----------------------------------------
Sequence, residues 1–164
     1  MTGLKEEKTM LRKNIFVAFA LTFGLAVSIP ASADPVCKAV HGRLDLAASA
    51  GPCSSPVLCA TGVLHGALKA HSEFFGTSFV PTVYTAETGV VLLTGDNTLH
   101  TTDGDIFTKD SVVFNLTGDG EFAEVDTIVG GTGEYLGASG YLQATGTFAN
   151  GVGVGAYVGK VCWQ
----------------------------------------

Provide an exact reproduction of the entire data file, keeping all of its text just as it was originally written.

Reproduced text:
Sequence, residues 1–164
     1  MTGLKEEKTM LRKNIFVAFA LTFGLAVSIP ASADPVCKAV HGRLDLAASA
    51  GPCSSPVLCA TGVLHGALKA HSEFFGTSFV PTVYTAETGV VLLTGDNTLH
   101  TTDGDIFTKD SVVFNLTGDG EFAEVDTIVG GTGEYLGASG YLQATGTFAN
   151  GVGVGAYVGK VCWQ